Over the last 18 months Nesta has been backing five ageing ventures and 50+ other ventures to encourage us all to give more of our time, money, assets and resources to others. The challenge now is to find the best recipe to scale the best of these ideas and to get as many as possible onto a street near you.
Much has been written about different approaches to scaling social ventures and it’s well worth reading around the experiences of those who have made it like Teach First or Code Club. But it’s hard to see the wood for the trees when you’re in the midst of working out your scaling strategy sometimes. That’s understandable, but there’s so much to learn from those who have gone before.
Here’s five things I keep hearing the wise men and women with scaling experience say:
Most social ventures are brilliant and laudable causes. But the market place is crowded, so who is going to pay for them? I find myself asking ventures a lot “who is your buyer and how much are they willing to pay?” Is it a consumer who’ll pay £10 a month? Is it a local authority who’ll pay a one off £250k to establish on their patch? Too many social ventures talk about scaling with an assumption that someone will be subsidising the cost (usually a grant funder or the state). That might be true for the first round of early adopters, but at some point the market will need to pay full value. Who is your buyer and how much are they willing to pay towards what it costs to run your venture at scale?
What’s your route to getting many more users rapidly? All too often people say to me “public sector commissioners will be banging our door down once they hear about us”. Waiting for people to find out about your great idea will take time. Finding public sector managers with a budget and license to commission you will take even longer. Is there another route? What about a partnership with a high street brand that has a mass market, as Casserole Club have found by promoting their work in the Waitrose Magazine, and Oomph Wellness are finding with BUPA. What about a freemium model to get your products or service into the hands of as many consumers as possible as quickly as possible – like Tyze are pioneering, backed by The Nominet Trust? There’s no need to scale alone – do it with a friend.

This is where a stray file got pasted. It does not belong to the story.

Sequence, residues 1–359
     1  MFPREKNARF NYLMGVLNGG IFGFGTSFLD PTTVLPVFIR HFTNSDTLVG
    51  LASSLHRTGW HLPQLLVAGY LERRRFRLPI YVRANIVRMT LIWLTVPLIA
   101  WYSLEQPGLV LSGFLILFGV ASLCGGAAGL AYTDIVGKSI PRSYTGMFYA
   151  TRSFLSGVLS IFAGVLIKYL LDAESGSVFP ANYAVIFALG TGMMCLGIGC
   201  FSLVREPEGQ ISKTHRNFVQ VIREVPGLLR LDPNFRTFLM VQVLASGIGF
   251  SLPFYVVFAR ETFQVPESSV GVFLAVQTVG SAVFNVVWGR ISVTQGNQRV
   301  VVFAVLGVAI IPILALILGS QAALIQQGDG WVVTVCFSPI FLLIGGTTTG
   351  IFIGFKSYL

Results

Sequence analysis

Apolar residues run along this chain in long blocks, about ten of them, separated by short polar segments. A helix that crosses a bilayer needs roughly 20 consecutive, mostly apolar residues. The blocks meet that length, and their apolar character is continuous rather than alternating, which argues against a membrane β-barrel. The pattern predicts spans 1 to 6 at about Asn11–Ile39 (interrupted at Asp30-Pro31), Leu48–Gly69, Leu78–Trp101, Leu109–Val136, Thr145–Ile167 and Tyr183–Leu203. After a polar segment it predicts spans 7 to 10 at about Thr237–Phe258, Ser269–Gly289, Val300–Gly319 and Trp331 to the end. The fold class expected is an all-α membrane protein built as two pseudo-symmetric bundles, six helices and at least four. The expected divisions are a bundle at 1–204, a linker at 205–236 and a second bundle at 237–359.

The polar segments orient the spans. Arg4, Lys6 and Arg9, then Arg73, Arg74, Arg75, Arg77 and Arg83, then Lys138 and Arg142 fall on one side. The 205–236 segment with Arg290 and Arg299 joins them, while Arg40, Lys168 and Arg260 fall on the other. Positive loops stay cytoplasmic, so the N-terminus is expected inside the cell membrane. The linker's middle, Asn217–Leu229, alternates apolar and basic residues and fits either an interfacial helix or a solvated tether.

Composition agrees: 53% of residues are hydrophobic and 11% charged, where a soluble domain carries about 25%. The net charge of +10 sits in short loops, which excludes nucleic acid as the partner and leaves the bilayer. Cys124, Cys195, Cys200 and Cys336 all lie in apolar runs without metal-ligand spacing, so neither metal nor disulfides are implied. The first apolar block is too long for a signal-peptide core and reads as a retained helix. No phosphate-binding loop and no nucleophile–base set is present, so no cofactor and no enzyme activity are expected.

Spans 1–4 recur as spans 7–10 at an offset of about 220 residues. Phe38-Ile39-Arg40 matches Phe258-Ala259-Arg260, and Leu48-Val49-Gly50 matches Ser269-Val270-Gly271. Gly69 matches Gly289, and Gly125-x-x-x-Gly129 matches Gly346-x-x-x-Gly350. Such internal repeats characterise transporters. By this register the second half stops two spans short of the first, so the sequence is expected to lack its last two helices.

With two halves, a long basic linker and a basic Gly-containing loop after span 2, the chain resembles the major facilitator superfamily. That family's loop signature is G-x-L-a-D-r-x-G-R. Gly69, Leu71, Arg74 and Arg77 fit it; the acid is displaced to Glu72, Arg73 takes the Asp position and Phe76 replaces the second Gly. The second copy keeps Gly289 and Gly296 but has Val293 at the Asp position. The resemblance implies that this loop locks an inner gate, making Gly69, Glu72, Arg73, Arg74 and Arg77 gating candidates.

It is a very legitimate way to grow, but it is not going to transform most sectors fast. When we talk about scaling we are often thinking 'how can you get rapid take up and adoption?', because having lots of users helps you to get market share, brand recognition and to really scale. Silicon Valley guru Paul Graham calls for all early stage tech innovations to keep pushing themselves to double the number of users each month for the first year. So if you have 100 users in month one don’t aim for 1,200 in month 12, aim for 204,800! Now clearly that might be rather ambitious for non-web based social ventures, but the challenge 'how can we get as many users as quickly as possible?' is hard to ignore.
The founder and the initial team may not have the skills to take something to scale. This is an incredibly brave thing to admit and to do something about. Scaling is often about the management of large teams or setting up a logistics operation to move products from donors to those in need. Logistics managers are brilliant at this. As a social entrepreneur you might not be (nor might it even be what you got into the game for). Some people bring on new board members to advise them at this stage, and many also bring in new COOs, allowing founders to step back to more strategic parts of the venture and coming up with other good ideas.
Mergers and acquisitions are common in many sectors, but not so often talked about in the social sector. Companies with memberships or distribution channels already established might buy an early stage venture to add its idea, offering or IP to its own. Done right it could be a great way to get your product or service to many more consumers fast.